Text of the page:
More than a few critics included the thriller It Follows on their year’s best list…some saying it was one of the great scary films of all time.

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Even with that ringing endorsement,  I waited to watch the film until it was free on cable, and on early enough that I could shake off any creepiness long before bedtime.

Hey,  I live alone.

I like the fact that it began in the middle – –  no long exposition,  so you are spooked from the start.  There are plenty of reasons to jump and scream,  but no gore which I personally appreciate. And the movie doesn’t tie everything up with a bow at the end, which increases the spook factor.

Is it the scariest movie I have ever seen?  No.  But it’s a good ‘un.

So filling

I saw the new musical Waitress on Wednesday.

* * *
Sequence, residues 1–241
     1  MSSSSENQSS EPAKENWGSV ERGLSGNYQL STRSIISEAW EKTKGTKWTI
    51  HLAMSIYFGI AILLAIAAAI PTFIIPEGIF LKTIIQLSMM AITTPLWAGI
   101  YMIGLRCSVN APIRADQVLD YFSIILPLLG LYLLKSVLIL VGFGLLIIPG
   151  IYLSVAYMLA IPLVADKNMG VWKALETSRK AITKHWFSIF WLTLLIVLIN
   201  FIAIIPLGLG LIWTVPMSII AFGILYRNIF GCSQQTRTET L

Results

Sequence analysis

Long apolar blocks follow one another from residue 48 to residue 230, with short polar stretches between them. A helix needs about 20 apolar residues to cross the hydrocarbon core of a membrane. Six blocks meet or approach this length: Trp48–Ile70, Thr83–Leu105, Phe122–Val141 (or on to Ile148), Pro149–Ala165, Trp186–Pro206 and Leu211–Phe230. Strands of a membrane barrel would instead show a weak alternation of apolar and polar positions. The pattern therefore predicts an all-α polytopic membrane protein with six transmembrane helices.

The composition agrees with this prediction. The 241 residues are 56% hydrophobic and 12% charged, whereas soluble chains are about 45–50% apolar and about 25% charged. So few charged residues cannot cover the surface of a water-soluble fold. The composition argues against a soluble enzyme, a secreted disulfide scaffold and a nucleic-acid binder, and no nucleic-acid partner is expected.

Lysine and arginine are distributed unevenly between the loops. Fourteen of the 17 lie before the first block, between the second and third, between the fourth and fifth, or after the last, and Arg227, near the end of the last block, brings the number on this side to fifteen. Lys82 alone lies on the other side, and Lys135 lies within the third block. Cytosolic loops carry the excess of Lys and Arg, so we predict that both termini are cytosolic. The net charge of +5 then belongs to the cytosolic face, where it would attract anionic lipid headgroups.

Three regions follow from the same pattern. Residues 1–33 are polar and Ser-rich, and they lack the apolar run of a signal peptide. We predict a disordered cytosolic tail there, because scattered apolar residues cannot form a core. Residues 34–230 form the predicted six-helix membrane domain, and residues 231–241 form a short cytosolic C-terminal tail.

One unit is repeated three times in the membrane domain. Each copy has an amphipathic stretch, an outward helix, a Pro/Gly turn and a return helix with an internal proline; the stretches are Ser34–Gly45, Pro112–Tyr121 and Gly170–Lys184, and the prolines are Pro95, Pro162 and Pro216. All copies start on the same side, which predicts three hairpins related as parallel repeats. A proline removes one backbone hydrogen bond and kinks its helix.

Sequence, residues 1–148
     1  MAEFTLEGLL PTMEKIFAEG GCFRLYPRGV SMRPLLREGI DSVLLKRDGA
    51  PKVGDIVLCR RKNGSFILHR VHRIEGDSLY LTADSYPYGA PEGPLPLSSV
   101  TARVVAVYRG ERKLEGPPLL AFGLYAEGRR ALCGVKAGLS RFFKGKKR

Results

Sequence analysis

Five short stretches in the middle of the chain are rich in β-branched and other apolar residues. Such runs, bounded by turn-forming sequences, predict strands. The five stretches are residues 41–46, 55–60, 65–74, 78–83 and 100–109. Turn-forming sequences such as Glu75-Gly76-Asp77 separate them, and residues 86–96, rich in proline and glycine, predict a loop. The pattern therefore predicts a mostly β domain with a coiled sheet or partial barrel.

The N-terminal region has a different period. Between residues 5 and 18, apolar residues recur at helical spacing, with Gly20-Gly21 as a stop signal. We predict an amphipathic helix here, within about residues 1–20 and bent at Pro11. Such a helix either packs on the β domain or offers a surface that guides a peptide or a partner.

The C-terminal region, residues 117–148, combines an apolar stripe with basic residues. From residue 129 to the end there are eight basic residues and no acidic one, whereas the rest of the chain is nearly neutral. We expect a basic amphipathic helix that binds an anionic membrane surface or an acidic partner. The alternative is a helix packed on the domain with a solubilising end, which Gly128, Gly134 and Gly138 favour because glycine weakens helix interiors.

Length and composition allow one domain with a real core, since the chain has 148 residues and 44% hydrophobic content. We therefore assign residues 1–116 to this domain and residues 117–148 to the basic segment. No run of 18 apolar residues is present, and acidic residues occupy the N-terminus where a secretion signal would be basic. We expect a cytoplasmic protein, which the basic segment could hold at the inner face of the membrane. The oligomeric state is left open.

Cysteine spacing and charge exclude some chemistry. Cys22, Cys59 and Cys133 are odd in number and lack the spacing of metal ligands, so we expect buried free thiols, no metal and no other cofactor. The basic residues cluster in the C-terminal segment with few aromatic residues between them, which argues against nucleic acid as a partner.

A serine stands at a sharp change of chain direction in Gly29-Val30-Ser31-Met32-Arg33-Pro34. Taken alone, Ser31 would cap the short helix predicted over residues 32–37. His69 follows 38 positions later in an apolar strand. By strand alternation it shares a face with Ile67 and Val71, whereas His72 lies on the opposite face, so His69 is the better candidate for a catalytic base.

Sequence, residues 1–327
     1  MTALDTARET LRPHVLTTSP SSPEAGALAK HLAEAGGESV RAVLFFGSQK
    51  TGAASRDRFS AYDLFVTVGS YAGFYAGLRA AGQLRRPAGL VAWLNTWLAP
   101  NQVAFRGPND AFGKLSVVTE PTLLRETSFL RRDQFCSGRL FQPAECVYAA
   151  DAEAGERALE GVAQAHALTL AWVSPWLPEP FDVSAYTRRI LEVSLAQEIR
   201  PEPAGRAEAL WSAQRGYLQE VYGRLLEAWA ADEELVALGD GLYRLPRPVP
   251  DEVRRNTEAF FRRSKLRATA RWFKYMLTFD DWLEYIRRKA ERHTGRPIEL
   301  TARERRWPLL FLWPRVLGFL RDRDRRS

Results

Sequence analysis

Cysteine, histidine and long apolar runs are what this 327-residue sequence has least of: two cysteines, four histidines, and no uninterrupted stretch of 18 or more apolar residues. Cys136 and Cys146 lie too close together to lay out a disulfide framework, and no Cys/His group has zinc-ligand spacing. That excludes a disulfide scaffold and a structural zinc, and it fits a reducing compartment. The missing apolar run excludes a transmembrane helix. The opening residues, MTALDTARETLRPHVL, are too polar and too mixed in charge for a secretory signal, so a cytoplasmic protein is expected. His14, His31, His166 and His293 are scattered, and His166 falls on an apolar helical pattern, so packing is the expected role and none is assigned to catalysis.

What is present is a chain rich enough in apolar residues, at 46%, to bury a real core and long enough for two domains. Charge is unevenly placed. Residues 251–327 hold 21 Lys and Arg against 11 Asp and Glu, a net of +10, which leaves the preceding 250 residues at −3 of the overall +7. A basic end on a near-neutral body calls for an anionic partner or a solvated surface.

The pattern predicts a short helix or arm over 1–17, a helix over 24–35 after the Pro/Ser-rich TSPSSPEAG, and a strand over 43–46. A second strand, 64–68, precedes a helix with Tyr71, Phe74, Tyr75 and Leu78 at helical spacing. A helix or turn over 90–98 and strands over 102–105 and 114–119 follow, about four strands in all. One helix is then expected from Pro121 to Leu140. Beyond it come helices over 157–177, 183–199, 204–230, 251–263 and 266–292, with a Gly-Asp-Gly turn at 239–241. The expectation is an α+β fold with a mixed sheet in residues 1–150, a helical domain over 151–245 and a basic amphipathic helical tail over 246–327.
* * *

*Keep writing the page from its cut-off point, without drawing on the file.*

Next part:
waitressA lot has already been written about that particular performance, since they had to stop the show twice to deal with scenery malfunction…but no one was complaining.

Sara Bareilles was the entertainment during the break.

It’s not the first time I have experienced stoppages like this on Broadway.  When I saw Harvey starring Jim Parsons from “The Big Bang Theory,” they too had pesky set pieces that simply would not move.

That’s what you get when you go to early previews.

And with Waitress, you get a wonderful, heart-felt, truly hilarious take on one of my favorite films.  Kudos to the casting director, because every role was spot-on — especially the male supporting characters, who stole the show every time they stepped out on stage.

Drew Gehling as Dr. Pomatter — a role originated by my man Nathan Fillion in the movie — has big shoes to fill and does it with unique comedic timing and fantastic chemistry with star Jessie Mueller.  But the biggest ovation at curtain call — rightly so — went to Christopher Fitzgerald, who chews up the scenery (or should I say pie?) as the quirky Ogie the Elf.

The music is wonderful, and ya gotta love any set that features a cherry pie curtain, even if the darn thing doesn’t work all that well.  Because the show?

Sweet!